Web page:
Tomorrow’s Debate & Today’s Discussion

WaPo ed board foreshadows Arne Duncan’s big speech tomorrow…

Meanwhile, at ES today and tomorrow we have a group of teachers, former teachers, and a policy expert discussing how the professional work of teaching does or does not mesh with unionism.  It’s off to a good start and as with all of ES’ online discussions you can submit questions for the panelists as well.

Jay Mathews weighed-in on some of this on Monday in the WaPo.

One Reply to “Tomorrow’s Debate & Today’s Discussion”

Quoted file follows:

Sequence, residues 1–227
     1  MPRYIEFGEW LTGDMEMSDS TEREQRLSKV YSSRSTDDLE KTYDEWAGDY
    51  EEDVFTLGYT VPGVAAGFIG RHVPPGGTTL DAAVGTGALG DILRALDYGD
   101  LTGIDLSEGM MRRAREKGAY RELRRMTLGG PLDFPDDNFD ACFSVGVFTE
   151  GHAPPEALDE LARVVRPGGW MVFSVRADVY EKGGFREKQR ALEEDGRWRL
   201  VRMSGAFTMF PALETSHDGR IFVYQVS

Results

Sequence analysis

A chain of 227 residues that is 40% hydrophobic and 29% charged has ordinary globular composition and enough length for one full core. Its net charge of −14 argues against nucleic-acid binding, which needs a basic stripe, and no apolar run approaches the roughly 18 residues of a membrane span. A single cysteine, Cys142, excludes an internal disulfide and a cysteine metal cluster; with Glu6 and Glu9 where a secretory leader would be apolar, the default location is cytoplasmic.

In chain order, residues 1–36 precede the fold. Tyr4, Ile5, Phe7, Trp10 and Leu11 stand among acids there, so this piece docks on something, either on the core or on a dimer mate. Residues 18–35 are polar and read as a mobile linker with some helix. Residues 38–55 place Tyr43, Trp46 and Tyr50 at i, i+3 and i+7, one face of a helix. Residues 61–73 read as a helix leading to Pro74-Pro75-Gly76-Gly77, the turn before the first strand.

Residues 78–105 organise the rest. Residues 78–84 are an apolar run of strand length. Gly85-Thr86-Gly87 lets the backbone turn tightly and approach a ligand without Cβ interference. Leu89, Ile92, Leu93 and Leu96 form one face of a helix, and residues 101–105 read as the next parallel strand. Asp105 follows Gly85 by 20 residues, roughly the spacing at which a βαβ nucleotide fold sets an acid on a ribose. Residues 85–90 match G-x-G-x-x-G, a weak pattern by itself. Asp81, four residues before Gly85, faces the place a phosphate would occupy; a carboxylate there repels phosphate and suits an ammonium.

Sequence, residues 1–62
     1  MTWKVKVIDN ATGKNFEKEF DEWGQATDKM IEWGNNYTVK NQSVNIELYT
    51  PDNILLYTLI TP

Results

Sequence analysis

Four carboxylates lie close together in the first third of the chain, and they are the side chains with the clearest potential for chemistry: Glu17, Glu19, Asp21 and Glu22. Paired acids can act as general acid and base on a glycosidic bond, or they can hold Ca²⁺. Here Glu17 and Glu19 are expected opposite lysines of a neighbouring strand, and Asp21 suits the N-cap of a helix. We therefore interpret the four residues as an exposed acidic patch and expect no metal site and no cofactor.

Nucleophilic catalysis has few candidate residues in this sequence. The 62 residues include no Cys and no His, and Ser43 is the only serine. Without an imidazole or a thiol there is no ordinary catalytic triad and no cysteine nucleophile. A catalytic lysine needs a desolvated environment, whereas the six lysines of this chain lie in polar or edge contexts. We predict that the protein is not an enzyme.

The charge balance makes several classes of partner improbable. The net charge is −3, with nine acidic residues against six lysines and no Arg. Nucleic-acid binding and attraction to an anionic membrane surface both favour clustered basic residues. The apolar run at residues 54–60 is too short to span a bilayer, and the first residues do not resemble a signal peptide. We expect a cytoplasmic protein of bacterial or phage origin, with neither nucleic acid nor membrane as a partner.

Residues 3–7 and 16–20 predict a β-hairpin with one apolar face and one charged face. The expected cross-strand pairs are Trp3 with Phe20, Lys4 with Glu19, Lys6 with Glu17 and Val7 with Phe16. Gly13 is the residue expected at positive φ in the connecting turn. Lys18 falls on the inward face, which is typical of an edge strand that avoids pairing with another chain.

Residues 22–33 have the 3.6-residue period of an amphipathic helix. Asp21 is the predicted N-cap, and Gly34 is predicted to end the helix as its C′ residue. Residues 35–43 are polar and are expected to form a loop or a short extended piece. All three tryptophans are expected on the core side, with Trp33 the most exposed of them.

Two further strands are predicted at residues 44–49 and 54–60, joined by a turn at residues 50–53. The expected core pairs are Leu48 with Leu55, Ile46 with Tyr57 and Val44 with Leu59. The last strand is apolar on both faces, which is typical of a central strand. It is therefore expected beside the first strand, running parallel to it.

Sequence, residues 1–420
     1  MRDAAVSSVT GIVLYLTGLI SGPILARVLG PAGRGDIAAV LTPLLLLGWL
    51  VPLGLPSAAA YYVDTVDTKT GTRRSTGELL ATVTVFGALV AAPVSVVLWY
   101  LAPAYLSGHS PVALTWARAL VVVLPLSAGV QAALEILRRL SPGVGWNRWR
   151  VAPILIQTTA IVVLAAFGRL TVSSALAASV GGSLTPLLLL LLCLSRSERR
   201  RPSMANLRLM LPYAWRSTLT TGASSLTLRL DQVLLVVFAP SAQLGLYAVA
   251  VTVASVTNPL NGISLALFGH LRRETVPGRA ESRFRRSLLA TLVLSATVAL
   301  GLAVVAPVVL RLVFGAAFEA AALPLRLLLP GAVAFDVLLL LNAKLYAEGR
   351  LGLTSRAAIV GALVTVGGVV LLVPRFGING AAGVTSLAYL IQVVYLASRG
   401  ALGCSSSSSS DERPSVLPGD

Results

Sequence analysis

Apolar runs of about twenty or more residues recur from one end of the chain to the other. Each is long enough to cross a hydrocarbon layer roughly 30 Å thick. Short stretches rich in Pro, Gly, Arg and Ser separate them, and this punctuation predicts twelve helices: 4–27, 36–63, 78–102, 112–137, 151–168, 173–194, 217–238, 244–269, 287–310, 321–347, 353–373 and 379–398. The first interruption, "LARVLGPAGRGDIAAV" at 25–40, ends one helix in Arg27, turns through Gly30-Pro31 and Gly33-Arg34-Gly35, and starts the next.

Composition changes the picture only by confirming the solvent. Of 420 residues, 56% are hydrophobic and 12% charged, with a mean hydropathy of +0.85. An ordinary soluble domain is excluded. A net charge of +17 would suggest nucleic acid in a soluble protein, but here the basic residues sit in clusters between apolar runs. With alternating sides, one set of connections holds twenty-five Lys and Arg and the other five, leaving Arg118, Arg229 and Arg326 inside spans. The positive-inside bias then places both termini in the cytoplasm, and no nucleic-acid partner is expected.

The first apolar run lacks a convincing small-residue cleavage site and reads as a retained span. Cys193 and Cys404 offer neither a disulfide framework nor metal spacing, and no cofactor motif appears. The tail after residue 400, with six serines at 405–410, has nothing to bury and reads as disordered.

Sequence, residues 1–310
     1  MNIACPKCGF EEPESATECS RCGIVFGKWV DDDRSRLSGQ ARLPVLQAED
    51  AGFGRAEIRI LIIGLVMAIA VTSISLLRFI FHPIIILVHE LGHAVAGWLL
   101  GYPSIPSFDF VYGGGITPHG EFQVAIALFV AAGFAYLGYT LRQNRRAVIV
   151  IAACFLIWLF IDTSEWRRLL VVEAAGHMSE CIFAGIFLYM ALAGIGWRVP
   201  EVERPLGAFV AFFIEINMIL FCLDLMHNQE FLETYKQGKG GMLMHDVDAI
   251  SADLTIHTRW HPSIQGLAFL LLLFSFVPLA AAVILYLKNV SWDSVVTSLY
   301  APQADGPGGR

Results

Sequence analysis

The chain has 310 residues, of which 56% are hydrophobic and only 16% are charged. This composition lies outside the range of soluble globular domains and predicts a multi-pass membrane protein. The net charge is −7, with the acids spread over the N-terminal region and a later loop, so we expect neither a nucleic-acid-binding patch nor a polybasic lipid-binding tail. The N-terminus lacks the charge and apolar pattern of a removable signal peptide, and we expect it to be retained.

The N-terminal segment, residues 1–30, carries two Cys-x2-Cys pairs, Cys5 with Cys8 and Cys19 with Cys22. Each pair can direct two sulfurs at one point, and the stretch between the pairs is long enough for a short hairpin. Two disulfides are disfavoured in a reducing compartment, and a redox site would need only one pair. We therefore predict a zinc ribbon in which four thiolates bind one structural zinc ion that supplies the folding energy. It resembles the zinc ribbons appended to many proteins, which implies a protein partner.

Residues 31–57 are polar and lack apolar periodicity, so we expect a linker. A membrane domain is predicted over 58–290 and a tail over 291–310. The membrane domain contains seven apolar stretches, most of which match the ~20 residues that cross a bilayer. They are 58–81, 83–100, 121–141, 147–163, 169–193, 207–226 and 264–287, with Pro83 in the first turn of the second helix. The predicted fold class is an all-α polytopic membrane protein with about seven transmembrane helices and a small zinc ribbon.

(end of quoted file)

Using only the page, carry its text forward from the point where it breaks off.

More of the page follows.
1. By definition, unions cannot be professional organizations. Unions must work for better wages, working conditions, benefits, and job security. Professional organizations must advance the state of their profession, control who can be a member, self-police for quality, set standards for performance and ethics, and insure that their members are paid “professionally” as in “for a fee” based on the work that they do. They cannot bargain collectively as unions must. Nor can they function by preserving jobs for the worst among them. Unions must fight for all members, even those who may not represent the highest professional ideas. Professional organizations must take an essentially opposite approach. Compare NEA and AFT with the Bar and AMA. Two unions, two professional organizations. Two completely agendas. The AMA isn’t going to unionize doctors. And the NEA isn’t going to professionalize teachers.

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